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Greentree Ants Program

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Copyright David Paul, University of Melbourne.
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The green tree ant belongs to the ant genus Oecophylla (subfamily Formicinae) which consists of only two species; O. longinoda and O. smaragdina. Oecophylla smaragdina is found in the tropical coastal areas in Australia as far south as Rockhampton and across the coastal tropics of the Northern Territory down to Broome in West Australia. Green ants are also often referred to as weaver ants because of their ability to weave leaves together to form nests bound with silk produced by their larvae. Most of the nest construction and weaving is conducted at night with major workers weaving towards the exterior of the nests and minor workers weaving within the interior.

A mature colony of green tree ants can hold as many as 100,000 to 500,000 workers and may span as many as 12 trees and contain as many as 150 nests. Green ant colonies have one queen and a colony can live for up to eight years. Minor workers usually remain within the egg chambers of the nest tending the larvae, whereas major workers defend the colony territory, assist with the care of the queen and forage.

Mimetic relationships between spiders and ants

Chemical Mimicry

Several species of spider live with green ants such as the salticid spider Cosmophasis bitaeniata. Salticid spiders, or jumping spiders, as they are sometimes referred to, have excellent eyesight and are only active during daylight, weaving a protective silken cocoon to spend the night in. Interestingly, this spider does not look like green ants but instead it chemically mimics green tree ants.


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Chemical mimicry evolves for a variety of reasons. In the case of the salticid and the green ant the mimicry is deceptive and exploitative. The spider is infact disguising itself as an ant and then accessing the green ants nests to feed upon their larvae. This is achieved because green ants do not have good vision and circumnavigate their surroundings by scent, smelling everything with their antennae. Consequently, the ants think the spider is another ant and ignore its presence within the nest. The distribution of these spiders is aligned with the distribution of green ant nests with the greatest number of spiders being found in the older nests with a higher percentage of dead leaves and less major ant workers. In addition, and as seen in the photo below, the spider lays its egg sac alongside the green ants nest so the emerging spiderlings can readily access the green ant larvae to prey upon. The green ant larvae provide the spider with its deceptive chemical scent. This spider is very common in Townsville and far north Queensland generally.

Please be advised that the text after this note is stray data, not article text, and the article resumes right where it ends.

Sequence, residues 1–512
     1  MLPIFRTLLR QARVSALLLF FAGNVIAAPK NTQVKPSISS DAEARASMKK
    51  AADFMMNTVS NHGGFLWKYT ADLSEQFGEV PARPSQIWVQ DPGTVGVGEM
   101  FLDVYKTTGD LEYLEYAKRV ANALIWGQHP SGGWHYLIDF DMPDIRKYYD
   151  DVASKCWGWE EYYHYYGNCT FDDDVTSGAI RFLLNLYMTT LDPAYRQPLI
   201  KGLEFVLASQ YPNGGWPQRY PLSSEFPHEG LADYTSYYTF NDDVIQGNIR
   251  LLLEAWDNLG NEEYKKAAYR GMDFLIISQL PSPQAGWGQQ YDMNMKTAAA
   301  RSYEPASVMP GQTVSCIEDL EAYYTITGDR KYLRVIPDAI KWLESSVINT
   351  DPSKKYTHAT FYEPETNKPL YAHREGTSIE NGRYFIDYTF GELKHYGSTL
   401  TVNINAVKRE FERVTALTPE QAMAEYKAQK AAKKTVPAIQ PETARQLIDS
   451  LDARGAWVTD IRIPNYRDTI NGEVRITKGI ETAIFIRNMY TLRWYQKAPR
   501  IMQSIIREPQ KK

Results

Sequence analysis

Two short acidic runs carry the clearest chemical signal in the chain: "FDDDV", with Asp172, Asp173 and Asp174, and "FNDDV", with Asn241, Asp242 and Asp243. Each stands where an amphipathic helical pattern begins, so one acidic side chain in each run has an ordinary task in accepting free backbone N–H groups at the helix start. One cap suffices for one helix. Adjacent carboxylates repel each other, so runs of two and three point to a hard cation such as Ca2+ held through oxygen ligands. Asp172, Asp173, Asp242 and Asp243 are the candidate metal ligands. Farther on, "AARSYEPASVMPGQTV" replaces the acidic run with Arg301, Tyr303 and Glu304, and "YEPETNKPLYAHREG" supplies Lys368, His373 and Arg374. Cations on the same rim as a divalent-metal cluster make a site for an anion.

Copyright David Paul, University of Melbourne. Fee free license image


Visual Mimicry

Copyright GEO Magazine

Selection pressure exerted by visually hunting predators such as birds and wasps who ordinarily hunt spiders results in spiders evolving over time to visually resemble ants. The species of spider below is from the family Thomisidae and is called Amyciaea albomaculata. This species hunts at dusk and night and preys specifically on green tree ant major workers, hanging on a drag line of silk to consume their prey at leisure. Notice the false eye spots on the spider’s abdomen and the raised front forelegs which are thought to mimic the green ants raised antennae. Cairns is a good place to find these very fast moving spiders.

A second less common spider is shown below preying upon a green tree ant major worker. This spider is from the family Theridiidae and it spins a web to capture green ants in. The silk is thought to attract green ants that bite it and get catapulted into the spider’s web. Here, the green ant is isolated from its nest mates who cannot defend it and the spider is in control, biting and immobilising its prey.

Spider eating an ant
Copyright GEO Magazine

Aggressive Behaviour

Major workers are typically aggressive towards intruders, as depicted in the photo below, and vigorously defend their nests. This aggression is towards all species including other green ants from neighbouring nests. Consequently green ants reduce the numbers of insects on the trees they inhabit. This is why green ants are sometimes referred to as biological control agents reducing the damage that other insects do, for example, to the citrus and mango trees they inhabit.

Despite the fact that green ants are aggressive and attack other insects, several species of insect and spider live with green ants, either as a visual mimic or a chemical mimic of green tree ants.

Copyright David Paul, University of Melbourne.
Fee free license image




Allan RA, Elgar MA (2001) Exploitation of the green tree ant Oecophylla smaragdina by the salticid spider Cosmophasis bitaeniata.
Australian Journal of Zoology 49: 129-139

Allan RA, Capon RJ, Brown V, Elgar MA (2002) Mimicry of host cuticular hydrocarbons by a spider that preys on ant larvae.
Journal of Chemical Ecology 28: 835-848

Allan RA, Elgar, MA and Capon, RJ (1996) Exploitation of an ant chemical signal by the zodariid spider Habronestes bradleyi Walckenaer. Proceedings of the Royal Society of London Series B 263, 69-73.

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